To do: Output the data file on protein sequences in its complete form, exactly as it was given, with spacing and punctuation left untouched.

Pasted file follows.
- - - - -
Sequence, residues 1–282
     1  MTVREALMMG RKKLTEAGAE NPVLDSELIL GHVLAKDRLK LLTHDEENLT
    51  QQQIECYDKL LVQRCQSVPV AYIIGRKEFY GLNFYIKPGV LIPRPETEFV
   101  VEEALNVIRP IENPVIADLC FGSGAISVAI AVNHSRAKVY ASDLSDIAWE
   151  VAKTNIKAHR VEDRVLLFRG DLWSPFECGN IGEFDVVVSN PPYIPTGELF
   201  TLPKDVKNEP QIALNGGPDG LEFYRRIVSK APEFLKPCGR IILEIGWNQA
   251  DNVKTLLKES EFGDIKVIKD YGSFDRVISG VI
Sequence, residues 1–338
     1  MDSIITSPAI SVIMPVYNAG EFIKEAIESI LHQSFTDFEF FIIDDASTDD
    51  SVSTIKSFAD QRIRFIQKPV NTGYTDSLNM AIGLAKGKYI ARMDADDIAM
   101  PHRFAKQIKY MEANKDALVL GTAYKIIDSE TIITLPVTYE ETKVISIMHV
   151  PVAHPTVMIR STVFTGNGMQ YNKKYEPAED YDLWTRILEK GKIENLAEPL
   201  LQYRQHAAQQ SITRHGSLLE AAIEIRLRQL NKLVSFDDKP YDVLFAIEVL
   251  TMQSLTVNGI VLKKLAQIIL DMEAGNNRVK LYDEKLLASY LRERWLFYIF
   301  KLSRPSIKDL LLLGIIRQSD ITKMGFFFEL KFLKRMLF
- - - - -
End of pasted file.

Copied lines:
Sequence, residues 1–282
     1  MTVREALMMG RKKLTEAGAE NPVLDSELIL GHVLAKDRLK LLTHDEENLT
    51  QQQIECYDKL LVQRCQSVPV AYIIGRKEFY GLNFYIKPGV LIPRPETEFV
   101  VEEALNVIRP IENPVIADLC FGSGAISVAI AVNHSRAKVY ASDLSDIAWE
   151  VAKTNIKAHR VEDRVLLFRG DLWSPFECGN IGEFDVVVSN PPYIPTGELF
   201  TLPKDVKNEP QIALNGGPDG LEFYRRIVSK APEFLKPCGR IILEIGWNQA
   251  DNVKTLLKES EFGDIKVIKD YGSFDRVISG VI
Sequence, residues 1–338
     1  MDSIITSPAI SVIMPVYNAG EFIKEAIESI LHQSFTDFEF FIIDDASTDD
    51  SVSTIKSFAD QRIRFIQKPV NTGYTDSLNM AIGLAKGKYI ARMDADDIAM
   101  PHRFAKQIKY MEANKDALVL GTAYKIIDSE TIITLPVTYE ETKVISIMHV
   151  PVAHPTVMIR STVFTGNGMQ YNKKYEPAED YDLWTRILEK GKIENLAEPL
   201  LQYRQHAAQQ SITRHGSLLE AAIEIRLRQL NKLVSFDDKP YDVLFAIEVL
   251  TMQSLTVNGI VLKKLAQIIL DMEAGNNRVK LYDEKLLASY LRERWLFYIF
   301  KLSRPSIKDL LLLGIIRQSD ITKMGFFFEL KFLKRMLF